3.1 A FRAMEWORK: TYPES OF ORGANIZATIONS
The purpose of this section is to describe a project based organization and compare it to other basic organization types: functional and matrix organizations. Many companies will not perfectly fit either of these definitions. Yet in most cases one will be able to identify the basic organization type that most closely matches a company’s structure.
3.1.1 FUNCTIONAL ORGANIZATION
A functional organization groups employees and activities by functions (e.g. marketing, engineering, finance). Each function is typically led by a function manager, who reports to the senior management of the company. A key advantage of functional organizations is that knowledge, skills and facilities for each functional area are consolidated. This promotes economies of scale. In addition employees develop in-depth functional skills. (Daft, 2007) This makes the functional organization well suited for mass production of consumer goods and other industries where specialization of functions and scale effects are key (Hobday, 2000). A main weakness of the functional organization is its rigid structure and low horizontal coordination (between functions). This makes it slower to respond to environmental changes and specific customers’ requirements. (Daft, 2007)
3.1.2 MATRIX ORGANIZATION
A matrix organization groups employees and activities simultaneously by both: functions and major cross-functional projects. In a balanced matrix organization authorities and responsibilities are shared equally between function managers and project managers. Function managers and project managers report to the senior management of the company. (Hobday, 2000) Generally employees in a matrix organization report to the functional managers. This leads to the key weakness of a matrix organization: Employees and resources are often torn between functional and project demands (Lindkvist, 2004). The main advantage of a matrix organization is the combination of faster market adaptation and flexibility via projects and crossfunctional integration on the one hand and in-depth functional expertise on the other hand. (Daft, 2007)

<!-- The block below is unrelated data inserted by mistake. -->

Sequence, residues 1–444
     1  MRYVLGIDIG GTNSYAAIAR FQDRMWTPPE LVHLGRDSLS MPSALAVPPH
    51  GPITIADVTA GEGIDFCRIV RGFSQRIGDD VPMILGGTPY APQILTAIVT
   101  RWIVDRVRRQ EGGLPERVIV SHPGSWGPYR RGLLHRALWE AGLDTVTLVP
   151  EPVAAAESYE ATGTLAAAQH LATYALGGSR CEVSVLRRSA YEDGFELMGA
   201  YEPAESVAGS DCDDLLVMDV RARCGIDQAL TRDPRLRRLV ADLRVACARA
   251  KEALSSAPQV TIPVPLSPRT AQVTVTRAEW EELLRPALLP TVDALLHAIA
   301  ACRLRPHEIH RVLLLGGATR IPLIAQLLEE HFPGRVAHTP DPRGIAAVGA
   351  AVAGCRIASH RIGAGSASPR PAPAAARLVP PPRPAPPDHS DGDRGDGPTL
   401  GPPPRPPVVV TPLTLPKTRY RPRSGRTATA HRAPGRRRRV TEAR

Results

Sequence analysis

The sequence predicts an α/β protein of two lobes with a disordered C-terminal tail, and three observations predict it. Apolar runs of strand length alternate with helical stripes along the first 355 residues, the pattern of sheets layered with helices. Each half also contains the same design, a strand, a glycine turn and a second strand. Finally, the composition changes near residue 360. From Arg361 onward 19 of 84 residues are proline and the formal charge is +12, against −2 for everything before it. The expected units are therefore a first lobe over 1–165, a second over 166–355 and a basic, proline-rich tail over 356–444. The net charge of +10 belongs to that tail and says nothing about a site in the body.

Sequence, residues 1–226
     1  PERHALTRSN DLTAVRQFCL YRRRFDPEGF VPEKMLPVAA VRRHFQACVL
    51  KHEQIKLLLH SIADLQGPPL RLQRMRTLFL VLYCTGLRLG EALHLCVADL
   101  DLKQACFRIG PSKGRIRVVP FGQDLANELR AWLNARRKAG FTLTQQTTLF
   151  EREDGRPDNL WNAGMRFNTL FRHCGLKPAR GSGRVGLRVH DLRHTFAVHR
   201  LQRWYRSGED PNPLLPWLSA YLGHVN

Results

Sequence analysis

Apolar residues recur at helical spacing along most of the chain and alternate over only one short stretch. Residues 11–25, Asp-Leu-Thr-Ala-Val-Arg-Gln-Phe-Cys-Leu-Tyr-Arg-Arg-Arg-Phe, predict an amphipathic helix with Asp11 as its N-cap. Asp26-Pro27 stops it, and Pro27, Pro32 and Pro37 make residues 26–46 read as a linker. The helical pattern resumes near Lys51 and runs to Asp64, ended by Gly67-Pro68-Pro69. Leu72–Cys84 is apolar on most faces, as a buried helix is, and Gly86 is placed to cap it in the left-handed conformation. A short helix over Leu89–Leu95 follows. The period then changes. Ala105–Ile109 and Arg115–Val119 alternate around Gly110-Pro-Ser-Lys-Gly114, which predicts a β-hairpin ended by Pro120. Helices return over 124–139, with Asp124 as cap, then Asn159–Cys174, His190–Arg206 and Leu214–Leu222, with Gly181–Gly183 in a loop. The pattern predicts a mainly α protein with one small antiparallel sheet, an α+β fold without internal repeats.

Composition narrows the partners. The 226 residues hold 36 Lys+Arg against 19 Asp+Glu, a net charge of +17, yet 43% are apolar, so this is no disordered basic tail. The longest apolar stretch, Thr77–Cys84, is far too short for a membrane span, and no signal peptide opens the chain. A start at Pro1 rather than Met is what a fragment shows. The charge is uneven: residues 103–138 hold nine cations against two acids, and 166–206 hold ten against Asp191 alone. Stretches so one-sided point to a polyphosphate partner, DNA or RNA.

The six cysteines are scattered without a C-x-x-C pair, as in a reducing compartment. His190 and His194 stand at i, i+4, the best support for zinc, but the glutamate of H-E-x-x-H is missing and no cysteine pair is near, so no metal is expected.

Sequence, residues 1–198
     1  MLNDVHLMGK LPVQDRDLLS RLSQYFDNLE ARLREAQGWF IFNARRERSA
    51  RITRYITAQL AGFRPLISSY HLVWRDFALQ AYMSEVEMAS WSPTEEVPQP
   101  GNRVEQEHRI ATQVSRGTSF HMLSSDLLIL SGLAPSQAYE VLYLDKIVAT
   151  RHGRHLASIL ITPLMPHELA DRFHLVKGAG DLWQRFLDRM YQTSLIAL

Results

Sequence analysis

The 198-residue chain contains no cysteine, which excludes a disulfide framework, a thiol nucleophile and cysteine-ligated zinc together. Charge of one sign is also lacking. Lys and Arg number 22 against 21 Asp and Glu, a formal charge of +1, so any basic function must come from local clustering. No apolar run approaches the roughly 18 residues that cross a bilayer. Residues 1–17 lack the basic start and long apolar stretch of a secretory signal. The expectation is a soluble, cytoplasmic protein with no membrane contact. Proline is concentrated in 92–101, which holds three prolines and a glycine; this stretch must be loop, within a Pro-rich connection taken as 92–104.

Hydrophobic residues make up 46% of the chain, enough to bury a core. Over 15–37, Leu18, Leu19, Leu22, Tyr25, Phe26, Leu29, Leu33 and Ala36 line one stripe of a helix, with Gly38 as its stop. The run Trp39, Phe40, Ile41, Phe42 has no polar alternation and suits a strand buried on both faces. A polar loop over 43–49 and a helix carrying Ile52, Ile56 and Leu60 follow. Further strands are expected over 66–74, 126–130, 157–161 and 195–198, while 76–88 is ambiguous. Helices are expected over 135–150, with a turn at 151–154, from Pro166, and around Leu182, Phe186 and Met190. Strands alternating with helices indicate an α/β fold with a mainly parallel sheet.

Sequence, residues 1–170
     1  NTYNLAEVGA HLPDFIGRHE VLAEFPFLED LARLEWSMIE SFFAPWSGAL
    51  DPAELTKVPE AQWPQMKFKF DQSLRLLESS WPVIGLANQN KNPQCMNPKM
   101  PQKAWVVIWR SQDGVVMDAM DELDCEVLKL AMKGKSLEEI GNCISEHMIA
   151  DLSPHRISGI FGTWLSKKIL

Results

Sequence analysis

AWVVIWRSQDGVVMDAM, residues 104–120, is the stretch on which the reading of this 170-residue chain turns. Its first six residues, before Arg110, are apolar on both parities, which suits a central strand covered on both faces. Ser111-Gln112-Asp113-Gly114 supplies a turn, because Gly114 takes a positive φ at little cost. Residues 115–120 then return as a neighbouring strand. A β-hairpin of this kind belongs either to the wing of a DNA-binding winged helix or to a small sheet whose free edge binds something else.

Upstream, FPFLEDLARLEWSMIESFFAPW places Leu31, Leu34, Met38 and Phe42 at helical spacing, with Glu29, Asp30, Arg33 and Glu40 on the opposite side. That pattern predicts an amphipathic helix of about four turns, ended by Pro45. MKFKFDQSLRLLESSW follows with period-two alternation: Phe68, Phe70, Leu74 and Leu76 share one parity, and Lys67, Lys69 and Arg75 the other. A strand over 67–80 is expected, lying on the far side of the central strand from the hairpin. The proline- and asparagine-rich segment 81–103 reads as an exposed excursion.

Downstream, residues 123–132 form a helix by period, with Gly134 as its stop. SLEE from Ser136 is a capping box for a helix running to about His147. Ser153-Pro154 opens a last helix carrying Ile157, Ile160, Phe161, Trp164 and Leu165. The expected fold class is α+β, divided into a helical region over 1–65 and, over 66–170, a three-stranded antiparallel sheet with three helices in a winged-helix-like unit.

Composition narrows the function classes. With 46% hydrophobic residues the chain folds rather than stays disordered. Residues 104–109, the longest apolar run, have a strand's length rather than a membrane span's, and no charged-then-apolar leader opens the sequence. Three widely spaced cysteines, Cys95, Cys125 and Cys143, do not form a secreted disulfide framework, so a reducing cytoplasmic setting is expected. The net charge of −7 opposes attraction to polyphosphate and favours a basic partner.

3.1.3 PROJECT BASED ORGANIZATION (PBO)
Project based organizations are highly decentralized and build their core business on autonomous project teams with finite project life spans. According to Gareis (2002) the organizational strategy of PBOs is defined as “management by projects”. Project managers in PBOs hold a lot of power and typically report directly to the senior management of the company. The main advantage of PBOs is their flexibility. They allow quick adaptation to changing environments and individual client’s demands and support innovation. (Bresnen, Goussevskaia, & Swan, 2004; Mintzberg, 1983; Svensson & Von Otter, 2001). Therefore PBOs are most appropriate for businesses that face several complex tasks at once and have a fast changing environment. Typical businesses within this environment are high-technological and service providing corporations, which carry out knowledge-intensive projects (e.g. consulting, advertisement, law). (Thiry & Deguire, 2007). Hobday (2000) argues that PBOs are “probably best suited for large, risk-intensive projects, where resources have to be combined and shared with other firms” (Hobday, 2000, p. 892). One of the key challenges of project based organizations is cross-project coordination and making sure that projects are aligned with the strategy of the company. Also PBOs are weak where functional organizations are strong: building in-depth functional knowledge and economies of scale.
3.2 STRENGTH AND WEAKNESSES OF PROJECT BASED ORGANIZATIONS
As any major organizational change the transition of a company towards a PBO puts severe pressure on an organization. (Thiry, 2008). Therefore companies need to carefully weigh the benefits, risks and necessary actions before deciding on this type of organization. The purpose of this section is to...
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